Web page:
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Health Indicator Report of Deaths From All Causes

The overall death rate of a population reflects the average life expectancy of individuals in that population. The lower the death rate, the higher the life expectancy.

Death Rates, All Causes, Utah and U.S., 1990-2013


Age-adjusted to U.S. 2000 standard population.

Data Sources

  • Utah Death Certificate Database, Office of Vital Records and Statistics, Utah Department of Health
  • Population Estimates: National Center for Health Statistics (NCHS) through a collaborative agreement with the U.S. Census Bureau, IBIS Version 2013
  • National Vital Statistics System, National Center for Health Statistics, U.S. Centers for Disease Control and Prevention

Data Interpretation Issues

Since everyone must, at some point, expire, the long-term death rate is 100%. The death rates that are presented here are a ratio of the number of persons dying in a given year, compared with the number who are left alive. In essence, the all-cause death rate is a measure of the proportion of persons dying in any given year, and may also be thought of as an alternate measure of life expectancy--the longer we (in the aggregate) live, fewer of us die each year, and more of us are left alive.


Number of persons who died from any cause of death.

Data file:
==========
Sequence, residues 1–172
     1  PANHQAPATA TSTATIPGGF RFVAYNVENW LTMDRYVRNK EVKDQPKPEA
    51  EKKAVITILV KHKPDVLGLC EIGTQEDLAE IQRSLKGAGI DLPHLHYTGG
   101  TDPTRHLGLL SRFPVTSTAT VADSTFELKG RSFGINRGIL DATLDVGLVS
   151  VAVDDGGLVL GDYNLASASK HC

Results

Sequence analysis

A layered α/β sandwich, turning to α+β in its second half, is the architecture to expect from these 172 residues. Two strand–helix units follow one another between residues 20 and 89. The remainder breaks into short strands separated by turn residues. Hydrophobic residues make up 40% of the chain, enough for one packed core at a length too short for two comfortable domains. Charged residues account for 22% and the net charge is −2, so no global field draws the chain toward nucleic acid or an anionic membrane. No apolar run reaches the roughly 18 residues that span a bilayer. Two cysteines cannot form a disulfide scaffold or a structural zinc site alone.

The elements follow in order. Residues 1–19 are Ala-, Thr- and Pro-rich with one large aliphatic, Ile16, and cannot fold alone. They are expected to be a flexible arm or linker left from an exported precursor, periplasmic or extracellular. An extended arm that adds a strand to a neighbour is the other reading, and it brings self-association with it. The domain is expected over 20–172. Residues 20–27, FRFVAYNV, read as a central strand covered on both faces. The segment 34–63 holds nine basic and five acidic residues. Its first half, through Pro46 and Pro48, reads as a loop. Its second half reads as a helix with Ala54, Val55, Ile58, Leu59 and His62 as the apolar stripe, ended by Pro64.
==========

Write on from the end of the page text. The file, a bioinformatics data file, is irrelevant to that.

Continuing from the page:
Number of persons who died.


Number of persons in population.

How Are We Doing?

In 2013, 16,243 Utah residents died compared to 15,526 in 2012. Utah's crude death rate increased for the third year straight, increasing 3.0% between 2012 and 2013, compared to a 1.0% increase from 2011 to 2012. Interestingly, the age-adjusted death rate in Utah only increased slightly (1.6%) between 2012 and 2013. This is most likely due to the fact that a greater percentage of the Utah population was aged 65 years and older in 2013 compared to 2012.

How Do We Compare With the U.S.?

Between 1990 and 2009, there was a decline in Utah age-adjusted death rates. Since 2009, there has been a slight but steady increase in the Utah age-adjusted death rate. Utah age-adjusted death rates continue to be less than that of the U.S. as a whole. Factors contributing to the lower death rates in Utah include healthy lifestyles (especially low rates of tobacco, alcohol, and substance use), lower rates of poverty, and better access to excellent health care. An important implication of the decreasing death rates of Utahns is that there are increasing numbers of older individuals. This trend will place increasing economic demands on Utah's health care system, including aging services, long-term health care, and assisted living options.

What Is Being Done?

The UDOH Office of Vital Records and Statistics certifies Utah's deaths and maintains records of specific characteristics such as cause of death, age of decedent, and other factors associated with the incident, such as firearms, motor vehicles, or drug overdoses.
Page Content Updated On 02/27/2015, Published on 03/10/2015
The information provided above is from the Department of Health's Center for Health Data IBIS-PH web site ( The information published on this website may be reproduced without permission. Please use the following citation: " Retrieved Mon, 20 February 2017 6:13:12 from Department of Health, Center for Health Data, Indicator-Based Information System for Public Health Web site: ".

Content updated: Tue, 20 Dec 2016 15:48:04 MST